Delusions strong as hell shall bind him fast."

2Ch . Book of Shem. Not now extant, though God, if he had pleased, could as well have preserved those books for the use of the church, as he did the holy vessels of the temple from the spoil of Shishak [Trapp]. Providence and goodness of God in preserving and handing down Scriptures to our times. Why not lost, like many classic authors, amid the ruins of the barbarians? From the whole chapter we see—

1. Rehoboam forsaking the law.

2. Rehoboam punished for his defection.

3. Rehoboam spared on repenting.

4. Rehoboam ruined at last for want of decision in religion [Ing. Cobbin].

"But evil is wrought for want of thought

As well as want of heart" [Hood].

ILLUSTRATIONS TO CHAPTER 12

2Ch . Forsook. A man cannot have been three years wise and then have returned to old courses without his return being marked by aggravations of evil. The last state of the man is worse than the first. "The dog is turned to his own vomit again, and the sow that was washed to her wallowing in the mire." To have been halfway to heaven, and then to have been thrown down—what agonies of recollection! [Dr. Parker].

2Ch . Shemaiah the prophet. Ministers of the gospel should be gentle, tender, and affectionate. They should be kind in feeling and courteous in manner, like a father or mother. Nothing is ever gained by a sour, harsh, crabbed, dissatisfied manner. Sinners are never scolded either into duty or into heaven [A. Barnes.] I never was fit to say a word to a sinner except when I had a broken heart myself; when I was melted into penitency, and felt as though I had just received pardon to my soul, when my heart was full of tenderness and pity [Payson].

2Ch . Humbled themselves.

"If hearty sorrow

Be a sufficient ransom for offence,

I tender it here; I do as truly suffer

As e'er I did commit" [Shaks.].

2Ch . Servants. It is not in man's nature to be out of all service, and to be self-dependent. We may choose our master, but God or mammon we must serve. We cannot possibly be in a neutral or intermediate state. Such a state does not exist. If we will not be Christ's servants we are forthwith Satan's, and Christ set us free from Satan only by making us His servants [J. H. Newman].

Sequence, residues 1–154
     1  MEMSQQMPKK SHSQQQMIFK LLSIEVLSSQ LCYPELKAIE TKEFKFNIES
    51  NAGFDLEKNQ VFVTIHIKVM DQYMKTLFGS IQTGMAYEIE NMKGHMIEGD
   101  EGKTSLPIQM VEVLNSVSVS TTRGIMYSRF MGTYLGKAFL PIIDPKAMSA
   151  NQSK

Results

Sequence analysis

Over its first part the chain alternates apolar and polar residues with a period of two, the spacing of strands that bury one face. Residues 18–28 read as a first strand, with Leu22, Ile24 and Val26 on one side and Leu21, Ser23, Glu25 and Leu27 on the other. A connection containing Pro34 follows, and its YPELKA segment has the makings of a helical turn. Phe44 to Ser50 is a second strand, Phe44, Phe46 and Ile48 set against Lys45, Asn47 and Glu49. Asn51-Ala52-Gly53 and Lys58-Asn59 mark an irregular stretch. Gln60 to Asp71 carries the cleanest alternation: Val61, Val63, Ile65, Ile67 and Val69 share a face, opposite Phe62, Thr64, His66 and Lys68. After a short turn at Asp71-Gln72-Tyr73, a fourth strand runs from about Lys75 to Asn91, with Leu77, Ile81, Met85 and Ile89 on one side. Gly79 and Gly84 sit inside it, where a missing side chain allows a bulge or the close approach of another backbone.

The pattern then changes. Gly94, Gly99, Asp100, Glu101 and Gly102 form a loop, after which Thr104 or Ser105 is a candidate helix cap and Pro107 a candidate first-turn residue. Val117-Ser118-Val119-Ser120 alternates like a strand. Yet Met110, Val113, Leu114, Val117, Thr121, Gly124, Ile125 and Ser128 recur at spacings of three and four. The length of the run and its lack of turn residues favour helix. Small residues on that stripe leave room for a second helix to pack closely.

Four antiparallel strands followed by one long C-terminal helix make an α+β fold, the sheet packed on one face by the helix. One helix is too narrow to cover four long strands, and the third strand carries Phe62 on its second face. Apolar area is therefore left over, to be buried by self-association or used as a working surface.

2Ch . Shields of brass.

"Thus men go wrong with an ingenious skill,

Bend the straight rule to their own crooked will,

And with a clear and shining lamp supplied,

First put it out, then take it for a guide" [Cowper].

2Ch . Things went well. We are called upon to observe the relation and progress of events and to inquire into the moral reasons which explain either their ill-going or their happy advancement. We often speak of things going well in too narrow a sense, simply meaning that property increases, that health is continued, and that the whole outward environment is comfortable and satisfactory. That is not a proper estimate of the whole question. Things can only go well when the heart goes well. When things do not go well we should inquire into moral reasons; why this affliction, why this loss, why this discontent? Out of such faithful self-dealing will come the humbleness, the penitence which are always followed by pardon, restoration, and spiritual harmony [Dr. Parker].

2Ch . Wars.

"Then time turns torment when man turns a fool" [Young].

 


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Bibliography Information
Exell, Joseph S. "Commentary on 2 Chronicles 12:4". Preacher's Complete Homiletical Commentary. https://www.studylight.org/commentaries/phc/2-chronicles-12.html. Funk & Wagnalls Company, 1892.

Lectionary Calendar
Tuesday, November 12th, 2019
the Week of Proper 27 / Ordinary 32